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13 of 15 people found the following review helpful
5.0 out of 5 stars Rediscover the 1930's and a great Canadian writer!
I was extremely intrigued by the title when I first noticed this book on the shelves of my favorite bookstore. I immediately wanted to know who was Clara Callan. I was not disappointed in Richard B. Wright's latest novel. Written in diary and letter form this is the romantic and sometimes tragic story of two Canadian sisters, one, an ordinary school teacher, the other, an...
Published on July 12 2002 by Blflowerbug

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1 of 2 people found the following review helpful
2.0 out of 5 stars Does not live up to its promise
I began this book - a Book Club choice for me - with enthusiasm, and at first found it interesting. I wanted to find out what happened to the sisters, and was quite engaged in the book. That did not last long. Following Clara's rape I found the book went downhill at an astonishing rate. Her fascination and imaginings about her rapist were ridiculous ... almost...
Published on June 29 2008 by Barnaby Black


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13 of 15 people found the following review helpful
5.0 out of 5 stars Rediscover the 1930's and a great Canadian writer!, July 12 2002
By 
Blflowerbug (Quebec, Canada) - See all my reviews
This review is from: Clara Callan (Hardcover)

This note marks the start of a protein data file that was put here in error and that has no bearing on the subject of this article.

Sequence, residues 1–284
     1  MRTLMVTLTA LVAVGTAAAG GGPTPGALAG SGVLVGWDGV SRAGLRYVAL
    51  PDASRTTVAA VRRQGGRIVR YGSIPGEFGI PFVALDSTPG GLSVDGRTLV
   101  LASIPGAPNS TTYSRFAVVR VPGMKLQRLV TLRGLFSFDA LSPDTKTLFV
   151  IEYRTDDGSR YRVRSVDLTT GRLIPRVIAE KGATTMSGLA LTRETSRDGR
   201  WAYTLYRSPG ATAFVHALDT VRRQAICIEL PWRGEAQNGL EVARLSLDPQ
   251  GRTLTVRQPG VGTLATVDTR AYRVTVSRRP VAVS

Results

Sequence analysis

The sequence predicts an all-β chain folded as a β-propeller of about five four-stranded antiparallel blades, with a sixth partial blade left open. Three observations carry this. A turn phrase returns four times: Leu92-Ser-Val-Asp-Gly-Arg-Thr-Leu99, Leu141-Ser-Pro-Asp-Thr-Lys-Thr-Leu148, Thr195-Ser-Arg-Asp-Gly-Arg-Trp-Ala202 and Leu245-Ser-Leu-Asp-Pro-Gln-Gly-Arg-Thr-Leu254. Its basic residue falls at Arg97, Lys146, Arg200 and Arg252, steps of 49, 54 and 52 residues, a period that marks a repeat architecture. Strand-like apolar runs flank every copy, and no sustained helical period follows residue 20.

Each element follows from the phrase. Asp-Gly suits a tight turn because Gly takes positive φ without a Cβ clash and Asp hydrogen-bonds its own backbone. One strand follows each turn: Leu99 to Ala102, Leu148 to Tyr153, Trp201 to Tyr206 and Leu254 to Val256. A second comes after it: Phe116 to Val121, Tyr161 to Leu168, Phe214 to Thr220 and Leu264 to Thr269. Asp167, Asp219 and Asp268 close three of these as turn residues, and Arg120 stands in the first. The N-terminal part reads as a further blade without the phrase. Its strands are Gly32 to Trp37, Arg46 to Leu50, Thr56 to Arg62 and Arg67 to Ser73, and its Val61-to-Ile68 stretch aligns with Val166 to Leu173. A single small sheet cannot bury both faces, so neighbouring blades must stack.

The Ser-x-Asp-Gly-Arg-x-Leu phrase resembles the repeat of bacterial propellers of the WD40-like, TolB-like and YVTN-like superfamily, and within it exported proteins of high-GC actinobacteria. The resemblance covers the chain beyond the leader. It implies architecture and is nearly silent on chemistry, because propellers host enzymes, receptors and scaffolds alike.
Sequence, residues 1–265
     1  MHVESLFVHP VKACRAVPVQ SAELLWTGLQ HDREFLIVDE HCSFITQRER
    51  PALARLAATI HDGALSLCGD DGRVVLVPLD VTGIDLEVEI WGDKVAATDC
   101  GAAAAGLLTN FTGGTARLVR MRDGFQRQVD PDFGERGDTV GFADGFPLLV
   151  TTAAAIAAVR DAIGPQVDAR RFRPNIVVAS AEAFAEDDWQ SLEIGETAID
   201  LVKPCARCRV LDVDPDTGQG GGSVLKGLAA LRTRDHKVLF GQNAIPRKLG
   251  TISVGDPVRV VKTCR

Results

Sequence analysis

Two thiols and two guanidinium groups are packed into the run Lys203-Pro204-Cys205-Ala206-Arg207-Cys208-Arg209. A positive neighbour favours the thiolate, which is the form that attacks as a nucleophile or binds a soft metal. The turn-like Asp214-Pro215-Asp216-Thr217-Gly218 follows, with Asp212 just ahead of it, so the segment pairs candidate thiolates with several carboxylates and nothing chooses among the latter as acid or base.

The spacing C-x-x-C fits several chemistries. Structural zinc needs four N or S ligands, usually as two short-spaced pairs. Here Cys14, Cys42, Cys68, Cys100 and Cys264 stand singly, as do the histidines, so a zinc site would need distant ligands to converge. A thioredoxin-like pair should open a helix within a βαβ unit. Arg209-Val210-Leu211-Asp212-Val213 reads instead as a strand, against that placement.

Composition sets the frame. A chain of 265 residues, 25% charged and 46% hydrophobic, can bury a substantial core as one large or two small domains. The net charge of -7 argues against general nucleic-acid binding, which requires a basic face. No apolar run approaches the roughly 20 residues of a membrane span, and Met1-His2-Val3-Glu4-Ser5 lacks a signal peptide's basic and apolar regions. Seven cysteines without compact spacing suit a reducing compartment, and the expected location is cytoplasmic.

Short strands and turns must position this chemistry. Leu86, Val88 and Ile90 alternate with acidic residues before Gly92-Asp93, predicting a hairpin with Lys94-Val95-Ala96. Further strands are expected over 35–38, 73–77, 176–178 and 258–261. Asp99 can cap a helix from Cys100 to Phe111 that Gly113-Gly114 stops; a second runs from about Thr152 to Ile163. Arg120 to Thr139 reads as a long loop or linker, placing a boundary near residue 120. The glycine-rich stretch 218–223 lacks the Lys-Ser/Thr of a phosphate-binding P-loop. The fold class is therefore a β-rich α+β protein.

I was extremely intrigued by the title when I first noticed this book on the shelves of my favorite bookstore. I immediately wanted to know who was Clara Callan. I was not disappointed in Richard B. Wright's latest novel. Written in diary and letter form this is the romantic and sometimes tragic story of two Canadian sisters, one, an ordinary school teacher, the other, an aspiring actress. The writer leads us into their thoughts and through their actions and the repercussions they face as he develops his characters through the 1930's, retelling a bit of our history. Highly recommended. You won't be disappointed. I look forward to his next book.
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11 of 13 people found the following review helpful
5.0 out of 5 stars An unremarkable life?, Nov. 29 2002
By 
Friederike Knabe "Books are funny little port... (Ottawa, Ontario Canada) - See all my reviews
(TOP 100 REVIEWER)    (REAL NAME)   
This review is from: Clara Callan (Paperback)
Clara Callan, the protagonist of Wright's novel, is a small town spinster in the 1930s. She lives a reasonably comfortable life thanks to the inheritance of her father's house and a job as a local schoolteacher. Through her diary entries and exchanges of letters, mainly with her more glamorous younger sister Nora, Clara reveals herself to the reader. Wright has created a believable character that "grows on you" as her personality emerges little by little. Life's difficulties during the Depression years, in particular for a single woman in rural Southern Ontario become apparent through the description of daily events. However, a very dramatic personal incident and its aftermath force Clara to confront her new circumstances in a very direct manner. While she was accustomed to express her daily experiences and reflections in poems, events interfere and poetry becomes impossible. She recognizes "how suddenly a life can become misshapen, divided brutally into before and after a dire event." Her beliefs are challenged and so is her self-contained whole-ness as a person.